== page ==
» Anne Harris is Senior Lecturer at Monash University, and researches in the areas of creativity, performance and diversity. She is the series editor of Creativity, Education and the Arts (Palgrave) and has published over 50 articles and 6 books, including her latest: Creativity, Religion and Youth Cultures (forthcoming from Routledge, 2016).

» Stacy Holman Jones is Professor in the Centre for Theatre and Performance at Monash University, Australia and in Communication Studies at California State University, Northridge. Her research focuses on performance as socially, culturally, and politically resistive activity. She specializes in the use of critical qualitative methods, particularly critical autoethnography and performative writing and is the founding editor of Departures in Critical Qualitative Research.

» Lyndsay Michalik (PhD, Louisiana State University) is an Assistant Professor at Georgia Gwinnett College, where she teaches courses in Film Studies. Her research and creative interests include adaptation studies, remix culture, internet memes, performance devising, documentary film, and video art.

» Honor Molloy is a third generation theatre-maker, born in Dublin, Ireland. She has spent a large part of her writing and performing life chasing her father in the dark—trying to figure out who he was. The son of a Music Hall clown, John Molloy appears in one form or another in her dramatic work: Molloy, Murphy, Me the Howlin, Crackskull Row, In Pigeon House, What's Taken and in her novel Smarty Girl: Dublin Savage. Her father was a comedian who performed on Raidió Teilifís Éireann, in films and original revues, and in Beckett plays. A beloved Irish actor, he moved to Berkeley, California, in 1981. He presented rambling performance art in nontraditional venues in the city, such as the Bingo Hall at the back of St. Joseph the Worker round the corner from his studio apartment. He died in 1999 in an Oakland hospital.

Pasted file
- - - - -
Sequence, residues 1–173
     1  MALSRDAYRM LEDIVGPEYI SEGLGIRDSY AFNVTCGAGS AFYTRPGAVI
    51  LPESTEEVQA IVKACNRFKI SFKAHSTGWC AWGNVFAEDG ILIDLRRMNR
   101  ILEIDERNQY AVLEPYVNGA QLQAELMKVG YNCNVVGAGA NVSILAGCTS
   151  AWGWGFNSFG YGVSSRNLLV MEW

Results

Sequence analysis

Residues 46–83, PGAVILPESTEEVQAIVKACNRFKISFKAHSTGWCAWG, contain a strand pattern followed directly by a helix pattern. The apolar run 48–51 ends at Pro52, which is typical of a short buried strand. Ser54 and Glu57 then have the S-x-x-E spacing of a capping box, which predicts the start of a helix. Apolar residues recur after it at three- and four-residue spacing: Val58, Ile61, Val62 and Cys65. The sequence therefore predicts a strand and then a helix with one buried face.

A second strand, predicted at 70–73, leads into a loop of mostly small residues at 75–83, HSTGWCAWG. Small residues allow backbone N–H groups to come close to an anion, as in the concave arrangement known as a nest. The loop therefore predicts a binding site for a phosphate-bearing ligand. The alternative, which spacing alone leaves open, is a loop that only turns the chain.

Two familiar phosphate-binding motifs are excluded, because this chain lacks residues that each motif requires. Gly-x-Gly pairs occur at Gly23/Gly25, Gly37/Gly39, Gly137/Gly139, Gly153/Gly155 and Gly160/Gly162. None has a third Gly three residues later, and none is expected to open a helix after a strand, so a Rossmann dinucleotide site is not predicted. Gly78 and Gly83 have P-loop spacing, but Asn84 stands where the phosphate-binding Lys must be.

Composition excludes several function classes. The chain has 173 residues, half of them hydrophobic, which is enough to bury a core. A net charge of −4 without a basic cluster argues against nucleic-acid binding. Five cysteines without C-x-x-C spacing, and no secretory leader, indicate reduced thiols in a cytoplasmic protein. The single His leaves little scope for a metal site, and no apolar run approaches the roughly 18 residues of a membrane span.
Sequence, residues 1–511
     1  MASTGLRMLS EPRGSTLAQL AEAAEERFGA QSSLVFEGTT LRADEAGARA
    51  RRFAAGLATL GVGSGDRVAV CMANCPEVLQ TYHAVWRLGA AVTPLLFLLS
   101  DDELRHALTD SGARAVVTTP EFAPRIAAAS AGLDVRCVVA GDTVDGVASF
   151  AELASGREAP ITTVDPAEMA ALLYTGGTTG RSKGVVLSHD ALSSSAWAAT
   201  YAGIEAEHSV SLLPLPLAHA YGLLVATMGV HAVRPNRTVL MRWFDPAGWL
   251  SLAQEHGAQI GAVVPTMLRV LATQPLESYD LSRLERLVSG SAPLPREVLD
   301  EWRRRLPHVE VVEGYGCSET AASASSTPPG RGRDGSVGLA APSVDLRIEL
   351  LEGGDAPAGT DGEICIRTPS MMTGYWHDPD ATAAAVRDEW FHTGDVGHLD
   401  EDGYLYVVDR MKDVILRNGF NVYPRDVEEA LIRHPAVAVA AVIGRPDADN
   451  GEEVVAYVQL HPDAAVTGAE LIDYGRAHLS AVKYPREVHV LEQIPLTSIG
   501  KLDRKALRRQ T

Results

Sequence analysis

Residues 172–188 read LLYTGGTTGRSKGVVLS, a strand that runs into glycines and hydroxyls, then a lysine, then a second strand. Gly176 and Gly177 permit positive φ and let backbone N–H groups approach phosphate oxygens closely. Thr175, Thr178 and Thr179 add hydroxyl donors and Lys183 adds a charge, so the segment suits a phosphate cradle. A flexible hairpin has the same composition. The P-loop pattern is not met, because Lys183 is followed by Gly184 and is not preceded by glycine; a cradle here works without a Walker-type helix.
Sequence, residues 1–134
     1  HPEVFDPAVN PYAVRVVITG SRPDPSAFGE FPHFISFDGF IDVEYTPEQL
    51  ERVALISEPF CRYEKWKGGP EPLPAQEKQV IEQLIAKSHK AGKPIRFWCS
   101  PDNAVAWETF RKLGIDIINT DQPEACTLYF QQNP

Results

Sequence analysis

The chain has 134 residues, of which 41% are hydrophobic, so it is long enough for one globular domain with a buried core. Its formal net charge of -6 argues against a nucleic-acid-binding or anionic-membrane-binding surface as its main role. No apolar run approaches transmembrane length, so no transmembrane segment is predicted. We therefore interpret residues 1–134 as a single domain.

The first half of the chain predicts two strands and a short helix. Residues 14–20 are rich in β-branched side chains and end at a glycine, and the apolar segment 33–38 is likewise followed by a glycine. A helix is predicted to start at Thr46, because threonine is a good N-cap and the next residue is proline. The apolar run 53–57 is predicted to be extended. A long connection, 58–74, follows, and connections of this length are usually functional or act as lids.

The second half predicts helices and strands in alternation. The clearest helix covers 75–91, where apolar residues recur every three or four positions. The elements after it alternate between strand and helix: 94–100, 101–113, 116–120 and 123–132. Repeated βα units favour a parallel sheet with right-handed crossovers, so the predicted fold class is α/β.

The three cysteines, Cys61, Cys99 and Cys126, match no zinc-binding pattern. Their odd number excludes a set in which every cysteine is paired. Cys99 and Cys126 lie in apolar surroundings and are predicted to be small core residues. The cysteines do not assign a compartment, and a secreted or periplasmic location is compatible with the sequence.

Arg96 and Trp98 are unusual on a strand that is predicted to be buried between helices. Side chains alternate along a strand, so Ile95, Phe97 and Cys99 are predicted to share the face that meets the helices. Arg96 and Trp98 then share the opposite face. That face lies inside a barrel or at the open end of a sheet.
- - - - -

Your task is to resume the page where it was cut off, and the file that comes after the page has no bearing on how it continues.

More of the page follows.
» Angie Morrill holds a PhD in Ethnic Studies from the University of California, San Diego. She is the Coordinator of Native Recruitment at University of Oregon and an enrolled member of The Klamath Tribes.